This Week: David Plouffe Explains Why Obama Isn't A Dictator. Wingnuts Refuse To Believe Him.

video platformvideo managementvideo solutionsvideo player I can't believe Plouffe has to appear on This Week and answer these stupid charges. As cautious as Obama appears to the rest of us, the Republicans paint him as some reckless dictator,

video platformvideo managementvideo solutionsvideo player

I can't believe Plouffe has to appear on This Week and answer these stupid charges. As cautious as Obama appears to the rest of us, the Republicans paint him as some reckless dictator, imposing his will over the rule of law - which just goes to show what venal, shameless liars they are. Decent people should shun these Republican liars - that is, if any of them ever got out of the Beltway bubble long enough for you to actually see them.

But this new immigration policy also shows you that the president is more than capable of getting things done when it comes down to risking his reelection if he doesn't. Maybe there's some way he could use his "discretion" to help the unemployed - or at the very least, stop prosecuting medical marijuana cases, which the administration has previously resisted, using the exact same reasons they cited for immigration policy.

The LGBT community and the DREAM Act constituency held his feet to the fire, and they got results. There's a lesson in there for the rest of us: When they ask, "Are you in?" respond: "It depends on whether you're cutting Social Security and Medicare, and what you're doing to help the jobless."

STEPHANOPOULOS: Let's begin with that immigration announcement the president made in the Rose Garden on Friday. Governor Romney has already criticized it. This morning, he's out in a new interview saying it was political, that if the president was serious about immigration reform, he would have gotten it done before now. What's your response?

PLOUFFE: Well, George, it's ironic coming from Governor Romney, who said he would veto the DREAM Act, whose immigration policy during the primary seemed to consist of just sending 11 million people home, asking them to self-deport.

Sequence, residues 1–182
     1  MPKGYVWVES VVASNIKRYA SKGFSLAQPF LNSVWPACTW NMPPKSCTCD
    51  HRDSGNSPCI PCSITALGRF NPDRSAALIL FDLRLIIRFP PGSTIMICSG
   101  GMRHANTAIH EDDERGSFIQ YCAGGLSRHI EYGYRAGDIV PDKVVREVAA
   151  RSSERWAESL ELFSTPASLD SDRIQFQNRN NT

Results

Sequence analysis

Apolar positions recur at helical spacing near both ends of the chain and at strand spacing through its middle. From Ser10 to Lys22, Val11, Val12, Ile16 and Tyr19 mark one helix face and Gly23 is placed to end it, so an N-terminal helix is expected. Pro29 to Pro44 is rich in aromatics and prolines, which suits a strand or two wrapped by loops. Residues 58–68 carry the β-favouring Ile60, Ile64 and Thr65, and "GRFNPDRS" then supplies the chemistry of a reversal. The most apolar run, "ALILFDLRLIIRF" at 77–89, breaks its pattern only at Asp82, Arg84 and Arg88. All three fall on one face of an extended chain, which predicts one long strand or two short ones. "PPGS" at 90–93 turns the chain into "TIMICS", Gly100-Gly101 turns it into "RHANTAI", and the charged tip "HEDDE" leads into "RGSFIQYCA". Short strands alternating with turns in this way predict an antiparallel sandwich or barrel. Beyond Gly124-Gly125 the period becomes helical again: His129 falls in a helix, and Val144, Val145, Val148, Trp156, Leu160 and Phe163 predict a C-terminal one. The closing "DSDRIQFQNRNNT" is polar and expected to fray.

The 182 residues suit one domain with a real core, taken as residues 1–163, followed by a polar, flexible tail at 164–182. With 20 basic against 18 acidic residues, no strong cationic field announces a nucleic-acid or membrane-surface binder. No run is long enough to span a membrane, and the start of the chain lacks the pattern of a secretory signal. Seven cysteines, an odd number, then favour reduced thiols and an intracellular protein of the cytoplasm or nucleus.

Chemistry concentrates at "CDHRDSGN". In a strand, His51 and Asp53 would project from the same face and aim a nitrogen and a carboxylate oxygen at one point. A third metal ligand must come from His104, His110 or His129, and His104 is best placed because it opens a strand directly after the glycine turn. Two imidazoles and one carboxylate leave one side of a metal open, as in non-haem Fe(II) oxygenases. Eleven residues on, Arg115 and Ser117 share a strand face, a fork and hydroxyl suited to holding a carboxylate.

We tried, as you know -- you covered it -- we've tried as hard as we can to pass both the DREAM Act and comprehensive immigration reform. Congress has refused.

Now, this is not a permanent solution. This simply gives Homeland Security and our law enforcement officials the opportunity to enforce the law with some discretion and allows these young people, who came here many times early in their life, who want to serve in our military and work in our businesses and study in our colleges, the ability to apply for a two-year period for work authorization.

So we still need a permanent fix. The president would sign the DREAM Act tomorrow, the next day, the day after that. That's ultimately the only way to fix this, is for congressional action. But in the interim, this is a smart step by the Homeland Security Department.

STEPHANOPOULOS: But other Republicans have said it's an overstepping of the president's constitutional authority. Senator Jeff Sessions of the Senate Judiciary Committee says the president's -- this is a prosecutorial policy not to enforce plain law. And the president did seem to suggest last year that he couldn't take this kind of action on his own. Take a look.

(BEGIN VIDEO CLIP)

OBAMA: There are enough laws on the books by Congress that are very clear in terms of how we have to enforce our immigration system, that for me to simply through executive order ignore those congressional mandates would not conform with my appropriate role as president.

(END VIDEO CLIP)

STEPHANOPOULOS: But isn't that what the president's doing now?

PLOUFFE: It's not, George. What the president was speaking about is he couldn't through executive order essentially establish the DREAM Act. And that's not what we did this week. You know, our attorneys -- the homeland security attorneys -- are absolutely confident this is within our authority, to use some discretion. And this builds on a series of steps we've taken to try and make sure that we're focusing on tougher border security, that we are deporting criminals, people who pose a threat to our community, not people who are just trying to live the American dream.

So this -- again, this is not a permanent fix. This for a two-year period allows people to try and apply for work authorization. All of those applications will be reviewed. But we need Congress to act here.

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